Forgiveness is a change in mental state in which a person decides and succeeds in eliminating anger toward another person who has deliberately done something unfair or harmful to them. Forgiveness means that a person is aware of injustice and had to make a decision to release blame or anger. For example, one does not need to forgive a baby for crying or making a mess, because the action was clearly not unjust or deliberately hurtful. And if an action was brief and of no consequence, such as a stranger cutting someone off in traffic, most people are likely to forget about the incident rather than to consciously forgive the offender.
Researchers have studied forgiveness and have found that the tendency to forgive is a trait linked with certain structural and metabolic characteristics of the brain. Psychologists have long maintained that harboring a grudge is not beneficial to one’s emotional or physical health. And forgiveness or holding on to blame also may have an impact on legal outcomes in criminal situations.
The brain’s structural anatomy and forgiveness
Several studies have assessed forgiveness and whether there is a correlation to the brain’s anatomy. In one study, volunteers filled out questionnaires to rate their own tendency to forgive (TTF).1 It is worth noting that self-ratings can reflect the way that people want to see themselves instead of how they actually are. Voxel-based morphology, which assesses relative brain volume, was used to objectively measure whether there was a correlation between the self-rated TTF and brain structure.
In fact, this study was consistent with the results of several other similar studies. People who have a small insular cortex, which is also associated with the feeling of disgust, tend to be more forgiving. This suggests that people who consider themselves forgiving are not as easily offended as people who don’t consider themselves forgiving. The inferior frontal gyrus, known to play a strong role in language and impulse control, was smaller in people who considered themselves to be more forgiving. This suggests that forgiving is not related to verbal skills nor is it a completely rational or controlled behavior that can be moderated by thoughts and feelings that are not well articulated.
Another interesting finding is that a larger left dorsolateral prefrontal cortex is associated with forgiveness. Dysfunction of this region is believed to cause depression, so it seems that the lack of depressive tendencies promotes forgiveness.
While the brain’s structure in relation to forgiveness is interesting, the brain’s metabolic function in relation to forgiveness adds a whole new dimension to understanding forgiveness.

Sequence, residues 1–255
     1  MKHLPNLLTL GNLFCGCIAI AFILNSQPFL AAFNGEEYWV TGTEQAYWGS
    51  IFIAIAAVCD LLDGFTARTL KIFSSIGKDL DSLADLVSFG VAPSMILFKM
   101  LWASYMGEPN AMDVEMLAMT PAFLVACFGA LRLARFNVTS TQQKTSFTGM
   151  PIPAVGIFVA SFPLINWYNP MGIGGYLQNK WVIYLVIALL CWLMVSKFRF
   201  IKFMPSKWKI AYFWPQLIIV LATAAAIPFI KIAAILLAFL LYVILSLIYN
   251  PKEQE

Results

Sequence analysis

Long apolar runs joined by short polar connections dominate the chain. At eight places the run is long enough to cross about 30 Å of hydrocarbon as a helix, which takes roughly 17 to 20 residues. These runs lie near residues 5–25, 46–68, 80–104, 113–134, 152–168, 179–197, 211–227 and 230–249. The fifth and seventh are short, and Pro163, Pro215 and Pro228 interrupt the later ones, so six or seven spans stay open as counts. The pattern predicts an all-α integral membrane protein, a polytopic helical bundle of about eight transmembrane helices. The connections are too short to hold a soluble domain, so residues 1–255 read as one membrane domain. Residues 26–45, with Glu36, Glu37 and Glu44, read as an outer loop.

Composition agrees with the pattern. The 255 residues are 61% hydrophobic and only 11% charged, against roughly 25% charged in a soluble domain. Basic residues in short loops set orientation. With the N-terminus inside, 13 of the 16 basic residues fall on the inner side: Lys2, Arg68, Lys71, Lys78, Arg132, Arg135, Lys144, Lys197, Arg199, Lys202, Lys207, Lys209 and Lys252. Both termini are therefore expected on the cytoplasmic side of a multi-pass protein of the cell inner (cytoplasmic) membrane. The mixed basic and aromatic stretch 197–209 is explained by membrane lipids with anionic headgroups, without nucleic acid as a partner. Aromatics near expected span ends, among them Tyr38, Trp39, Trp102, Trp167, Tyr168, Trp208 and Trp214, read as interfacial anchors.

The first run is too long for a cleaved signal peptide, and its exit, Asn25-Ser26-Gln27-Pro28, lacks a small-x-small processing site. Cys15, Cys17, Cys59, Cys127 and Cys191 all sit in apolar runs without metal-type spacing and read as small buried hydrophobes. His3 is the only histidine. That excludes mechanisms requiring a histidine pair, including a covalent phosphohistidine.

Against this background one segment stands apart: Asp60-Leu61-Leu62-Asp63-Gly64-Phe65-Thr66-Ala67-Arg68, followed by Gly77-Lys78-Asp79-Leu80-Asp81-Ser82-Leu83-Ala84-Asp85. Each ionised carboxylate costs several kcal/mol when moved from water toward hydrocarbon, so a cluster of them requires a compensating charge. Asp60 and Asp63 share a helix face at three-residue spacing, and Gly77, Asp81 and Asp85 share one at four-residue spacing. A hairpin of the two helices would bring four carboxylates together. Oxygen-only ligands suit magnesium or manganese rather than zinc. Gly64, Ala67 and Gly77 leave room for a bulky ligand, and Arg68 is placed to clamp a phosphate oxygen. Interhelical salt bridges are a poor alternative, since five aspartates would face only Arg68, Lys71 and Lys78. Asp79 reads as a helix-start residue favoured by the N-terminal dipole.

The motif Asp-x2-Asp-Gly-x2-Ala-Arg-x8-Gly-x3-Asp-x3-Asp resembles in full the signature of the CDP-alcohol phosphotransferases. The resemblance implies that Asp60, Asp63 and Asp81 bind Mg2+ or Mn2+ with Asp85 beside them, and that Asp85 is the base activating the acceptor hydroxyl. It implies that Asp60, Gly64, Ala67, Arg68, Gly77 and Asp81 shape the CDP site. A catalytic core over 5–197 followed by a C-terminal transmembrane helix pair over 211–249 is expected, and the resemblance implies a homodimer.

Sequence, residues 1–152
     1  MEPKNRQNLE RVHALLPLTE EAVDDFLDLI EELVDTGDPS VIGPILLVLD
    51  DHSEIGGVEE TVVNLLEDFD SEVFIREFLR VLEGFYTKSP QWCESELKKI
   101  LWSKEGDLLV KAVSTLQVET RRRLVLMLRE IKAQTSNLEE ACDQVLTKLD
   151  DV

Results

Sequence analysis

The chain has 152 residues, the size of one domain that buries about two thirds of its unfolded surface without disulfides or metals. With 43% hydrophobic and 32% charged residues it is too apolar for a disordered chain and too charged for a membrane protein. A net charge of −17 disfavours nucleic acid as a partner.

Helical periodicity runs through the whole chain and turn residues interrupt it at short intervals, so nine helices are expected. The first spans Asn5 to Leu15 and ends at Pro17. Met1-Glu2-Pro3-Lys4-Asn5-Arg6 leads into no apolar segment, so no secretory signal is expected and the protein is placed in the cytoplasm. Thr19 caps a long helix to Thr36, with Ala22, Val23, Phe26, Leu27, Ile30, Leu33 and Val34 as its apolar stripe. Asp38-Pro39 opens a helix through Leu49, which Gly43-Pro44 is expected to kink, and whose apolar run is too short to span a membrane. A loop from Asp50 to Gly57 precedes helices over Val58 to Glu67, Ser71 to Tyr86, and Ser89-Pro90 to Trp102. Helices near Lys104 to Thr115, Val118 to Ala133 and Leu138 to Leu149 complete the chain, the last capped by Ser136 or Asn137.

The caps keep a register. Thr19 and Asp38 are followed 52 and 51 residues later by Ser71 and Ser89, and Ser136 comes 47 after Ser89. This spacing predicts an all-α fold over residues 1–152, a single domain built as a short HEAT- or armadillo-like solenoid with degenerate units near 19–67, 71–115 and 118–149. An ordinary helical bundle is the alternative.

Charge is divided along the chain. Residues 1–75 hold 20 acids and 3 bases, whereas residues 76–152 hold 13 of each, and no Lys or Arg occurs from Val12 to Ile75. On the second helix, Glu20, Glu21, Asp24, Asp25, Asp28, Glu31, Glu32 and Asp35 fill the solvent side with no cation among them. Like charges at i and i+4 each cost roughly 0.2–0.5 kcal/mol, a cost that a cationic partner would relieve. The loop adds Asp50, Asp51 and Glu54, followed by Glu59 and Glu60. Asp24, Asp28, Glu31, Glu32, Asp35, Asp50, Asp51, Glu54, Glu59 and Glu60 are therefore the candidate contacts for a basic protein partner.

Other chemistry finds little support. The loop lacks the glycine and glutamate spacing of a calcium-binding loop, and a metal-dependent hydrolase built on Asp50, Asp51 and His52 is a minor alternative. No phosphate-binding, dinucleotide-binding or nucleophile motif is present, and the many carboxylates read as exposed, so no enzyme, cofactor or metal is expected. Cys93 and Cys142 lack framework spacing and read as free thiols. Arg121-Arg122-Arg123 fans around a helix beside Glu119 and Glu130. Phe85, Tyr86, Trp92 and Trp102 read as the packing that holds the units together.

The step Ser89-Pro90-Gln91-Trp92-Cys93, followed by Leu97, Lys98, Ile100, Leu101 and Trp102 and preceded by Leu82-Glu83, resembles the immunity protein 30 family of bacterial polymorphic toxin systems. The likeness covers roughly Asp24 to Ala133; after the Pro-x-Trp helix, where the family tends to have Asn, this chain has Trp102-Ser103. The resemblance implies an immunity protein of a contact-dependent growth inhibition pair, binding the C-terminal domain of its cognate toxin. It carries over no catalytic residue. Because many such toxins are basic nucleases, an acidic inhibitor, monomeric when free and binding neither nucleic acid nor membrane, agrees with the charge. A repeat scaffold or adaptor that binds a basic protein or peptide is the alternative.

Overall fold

When volunteer participants in one study were asked to imagine scenarios and report their TFF, a low level of dorsomedial prefrontal cortex activity was associated with lower TFF scores.2 The dorsomedial prefrontal cortex is believed to play a role in the ability to imagine the feelings of others. This low imaginative ability was correlated with lower forgiveness.
In another study, with more practical implications for society, participants were given criminal scenarios and asked to dole out punishment, as if they were on a jury.3 Participants showed more metabolic activity in the precuneus, left temporo-parietal junction, and dorsomedial prefrontal cortex when given scenarios that elicited sympathy than for no-sympathy scenarios. Signal increase in these regions was also associated with the reduction of punishment. This suggests that jurors, and even possibly professionals, could be impacted by their own physiologic responses when it comes to giving out punishments, rather than basing decisions on purely rational decision-making.
The bottom line
The differing brain structural anatomy associated with a tendency to forgive suggests that forgiveness could be a trait that people are born with. The differences in metabolic brain activity associated with the inclination to forgive may mean that this trait could be altered throughout life. Influences may include life experiences with trustworthy people or with betrayal, both of which can set the stage for how much a person tends to forgive.
1. Li H, Chen Q, Lu J, Qiu J. Brain Structural Bases of Tendency to Forgive: evidence from a young adults sample using voxel-based morphometry. Sci Rep. 2017;7:16856. doi: 10.1038/s41598-017-16868-3.
2 Li H, Lu J. The Neural Association between Tendency to Forgive and Spontaneous Brain Activity in Healthy Young Adults. Front Hum Neurosci. 2017;11:561.
3. Yamada M, Camerer CF, Fujie S, et al. Neural circuits in the brain that are activated when mitigating criminal sentences. Nat Commun. 2012;3:759.